A North Central College student works on their personal website.

How to Create a Personal Website

Jacob Imm

Nov 02, 2020

How to create a personal website for students and recent graduates

The job market has changed a lot in recent years. Employers are looking for more and in different places, than they ever have before. You can’t just walk into an interview with a resume and be done with it. They will want to know more about you than a list of locations and grades on a page, and they know where to find that information. You have to be careful about what you have on your social media accounts, and you need to Google your name to make sure nothing embarrassing pops up.

It’s not just about what you don’t want a potential employers to see, but what you do. Remember that employers are people just like you and ask yourself: what’s a better way to keep your attention? A list on a sheet of paper? Or a web page? Just like when you filled out your online college application, you need a way to differentiate yourself from other candidates. A personal website might just be what you need.

Personal websites are getting more and more popular as either an addition to or a substitute for a resume. They’re interesting, relatable and give you a chance to show off your skills even more than the usual interview materials. When you are thinking about how to find a job after college, you’ll still need to spend plenty of time learning how to write a “recent graduate” resume, as well as writing a recent graduate cover letter. But this final piece of the puzzle may be what gets you the career opportunity you’re looking for.

So let’s find out what a personal website should look like and whether it’s right for you.

Should I have a personal website for my resume?

This might be the first time you’re hearing about or even thinking about a personal website or resume website. Before you get too upset about yet another thing on your job seeker checklist, know that you’re not alone. Personal web pages are an untapped resource that many on your side of the equation haven’t taken advantage of.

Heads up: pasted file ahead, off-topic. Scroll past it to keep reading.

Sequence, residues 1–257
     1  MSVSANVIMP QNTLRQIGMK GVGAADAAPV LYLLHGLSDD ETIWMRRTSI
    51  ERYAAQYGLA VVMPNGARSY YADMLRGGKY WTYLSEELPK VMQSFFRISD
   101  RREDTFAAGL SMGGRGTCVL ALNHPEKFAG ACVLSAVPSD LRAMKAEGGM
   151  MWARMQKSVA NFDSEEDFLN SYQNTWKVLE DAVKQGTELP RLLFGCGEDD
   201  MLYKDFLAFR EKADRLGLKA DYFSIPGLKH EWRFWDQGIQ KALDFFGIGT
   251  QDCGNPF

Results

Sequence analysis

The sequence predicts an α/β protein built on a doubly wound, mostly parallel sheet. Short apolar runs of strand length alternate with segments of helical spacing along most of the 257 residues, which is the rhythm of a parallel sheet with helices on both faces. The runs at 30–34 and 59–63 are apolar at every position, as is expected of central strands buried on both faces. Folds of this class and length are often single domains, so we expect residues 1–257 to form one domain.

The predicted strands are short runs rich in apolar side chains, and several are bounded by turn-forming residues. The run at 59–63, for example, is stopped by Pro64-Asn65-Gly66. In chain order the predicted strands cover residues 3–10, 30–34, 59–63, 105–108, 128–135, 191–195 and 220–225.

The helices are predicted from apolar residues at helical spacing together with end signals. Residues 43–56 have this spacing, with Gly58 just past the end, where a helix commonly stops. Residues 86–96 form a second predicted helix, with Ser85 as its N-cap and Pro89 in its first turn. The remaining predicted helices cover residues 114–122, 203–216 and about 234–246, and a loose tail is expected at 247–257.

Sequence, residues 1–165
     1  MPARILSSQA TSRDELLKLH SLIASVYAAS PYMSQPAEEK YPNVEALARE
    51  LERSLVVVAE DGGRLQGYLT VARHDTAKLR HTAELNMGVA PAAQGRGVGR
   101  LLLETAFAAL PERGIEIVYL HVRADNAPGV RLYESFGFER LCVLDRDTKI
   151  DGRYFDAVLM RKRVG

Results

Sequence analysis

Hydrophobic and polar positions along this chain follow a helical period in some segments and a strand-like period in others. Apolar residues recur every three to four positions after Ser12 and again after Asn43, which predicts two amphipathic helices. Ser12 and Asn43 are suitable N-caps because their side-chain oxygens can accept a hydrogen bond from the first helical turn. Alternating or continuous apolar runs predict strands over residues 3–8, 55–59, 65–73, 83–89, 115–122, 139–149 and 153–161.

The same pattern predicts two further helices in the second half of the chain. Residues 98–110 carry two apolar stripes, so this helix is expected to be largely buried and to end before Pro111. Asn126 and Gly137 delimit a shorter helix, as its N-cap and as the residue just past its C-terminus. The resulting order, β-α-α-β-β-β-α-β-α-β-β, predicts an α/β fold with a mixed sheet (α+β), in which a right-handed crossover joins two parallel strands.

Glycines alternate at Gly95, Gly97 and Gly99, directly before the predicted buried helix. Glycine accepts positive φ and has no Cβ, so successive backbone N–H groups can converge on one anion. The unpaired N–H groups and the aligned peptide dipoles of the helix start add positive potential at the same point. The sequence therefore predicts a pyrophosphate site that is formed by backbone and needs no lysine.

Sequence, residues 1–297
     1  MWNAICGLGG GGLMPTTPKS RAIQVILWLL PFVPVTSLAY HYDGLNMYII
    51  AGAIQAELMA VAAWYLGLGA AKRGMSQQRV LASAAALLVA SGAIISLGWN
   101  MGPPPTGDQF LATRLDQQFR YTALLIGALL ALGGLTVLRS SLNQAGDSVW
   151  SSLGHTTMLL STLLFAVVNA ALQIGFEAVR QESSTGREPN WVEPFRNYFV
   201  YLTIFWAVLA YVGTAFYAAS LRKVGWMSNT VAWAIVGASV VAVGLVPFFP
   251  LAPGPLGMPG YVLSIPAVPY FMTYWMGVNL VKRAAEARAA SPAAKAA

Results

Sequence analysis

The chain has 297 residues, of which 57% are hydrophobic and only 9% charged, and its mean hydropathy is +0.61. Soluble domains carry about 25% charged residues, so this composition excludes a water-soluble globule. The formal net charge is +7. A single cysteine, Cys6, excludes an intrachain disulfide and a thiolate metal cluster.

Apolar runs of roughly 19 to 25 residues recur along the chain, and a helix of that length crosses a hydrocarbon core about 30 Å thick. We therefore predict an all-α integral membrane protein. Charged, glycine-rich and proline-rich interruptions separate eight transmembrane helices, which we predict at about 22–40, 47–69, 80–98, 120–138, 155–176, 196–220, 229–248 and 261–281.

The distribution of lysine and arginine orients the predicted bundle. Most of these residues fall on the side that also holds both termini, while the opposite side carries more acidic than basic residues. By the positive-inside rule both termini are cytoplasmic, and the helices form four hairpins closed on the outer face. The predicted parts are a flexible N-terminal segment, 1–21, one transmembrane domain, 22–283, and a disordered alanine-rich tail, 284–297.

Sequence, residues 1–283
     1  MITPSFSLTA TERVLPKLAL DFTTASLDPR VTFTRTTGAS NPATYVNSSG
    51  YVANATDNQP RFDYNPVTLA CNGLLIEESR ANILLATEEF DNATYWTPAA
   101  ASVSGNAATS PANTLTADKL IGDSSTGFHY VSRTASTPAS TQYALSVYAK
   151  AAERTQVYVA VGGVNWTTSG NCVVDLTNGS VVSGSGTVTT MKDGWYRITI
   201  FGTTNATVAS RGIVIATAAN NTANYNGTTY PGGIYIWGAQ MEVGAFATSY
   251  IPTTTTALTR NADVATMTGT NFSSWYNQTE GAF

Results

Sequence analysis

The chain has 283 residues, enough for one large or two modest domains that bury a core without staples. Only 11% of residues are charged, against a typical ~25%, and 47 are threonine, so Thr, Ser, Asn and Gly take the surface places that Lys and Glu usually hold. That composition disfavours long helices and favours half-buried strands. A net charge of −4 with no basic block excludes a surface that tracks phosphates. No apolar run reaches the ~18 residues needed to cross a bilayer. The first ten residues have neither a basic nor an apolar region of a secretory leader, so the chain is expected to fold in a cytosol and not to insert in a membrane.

Jacquelyn Smith of Forbes writes, “According to Workfolio, a … company that develops applications for professional visibility, 56 percent of all hiring managers are more impressed by a candidate’s personal website than any other personal branding tool—however, only 7 percent of job seekers actually have a personal website.”

Those numbers are pretty eye-catching, but they might not be enough to move you. After all, you know yourself, and you may feel like your personal brand can only really come across in person, so there’s no need to spend time shopping for a website builder.

There’s a new reality you have to account for, though, and it’s not going anywhere anytime soon. COVID-19 has made it almost impossible to do in-person interviews anymore, and even without the virus, a lot of employers may be more interested in virtual interviews that save time.

Does that mean you have to trust in a bland personal brand website? That you can’t win over a hiring managers with your unique charm anymore?

Adam Fontana, director of web and digital strategy at North Central College, says that’s far from the truth. “You know the saying, ‘First impressions are everything?’ The shift to digital doesn’t negate this, and if anything, makes a candidate’s digital presence more crucial than ever,” Fontana said.

In other words, your online presence may seem impersonal, but it may actually say more about what makes you stand out than one half-hour conversation ever could.

So is it expected that you have a personal site to share for any job you might apply for? Not necessarily. As Angelique Evans wrote in The Muse, whether you need a personal website really depends on what kind of work you’re looking for.

“If you’re a media, digital, or creative professional—absolutely. Same goes if you want to otherwise establish yourself as an expert in anything and don’t already have your own professional blog,” said Evans. “If you’re in a traditionally non-creative field with structured recruitment and hiring methods, such as accounting or law, a personal website might not help you as much professionally. But if you have a side hustle or hobby and you’re active in the online community, then a personal site can be helpful to grow that online influence, too.”

You have to use your judgment. Having a personal website, as long as it’s designed well, is never going to hurt you. Only you can decide whether it’s worth your time and energy to spend part of your job searching time putting a personal web page together.

How can I create a personal website?

Odds are you’ve seen and heard plenty of advertising by companies selling personal website templates--that is, if you ever listen to podcasts, watch television, or stream video. It’s okay if you didn’t pay that much attention because we can save you some time.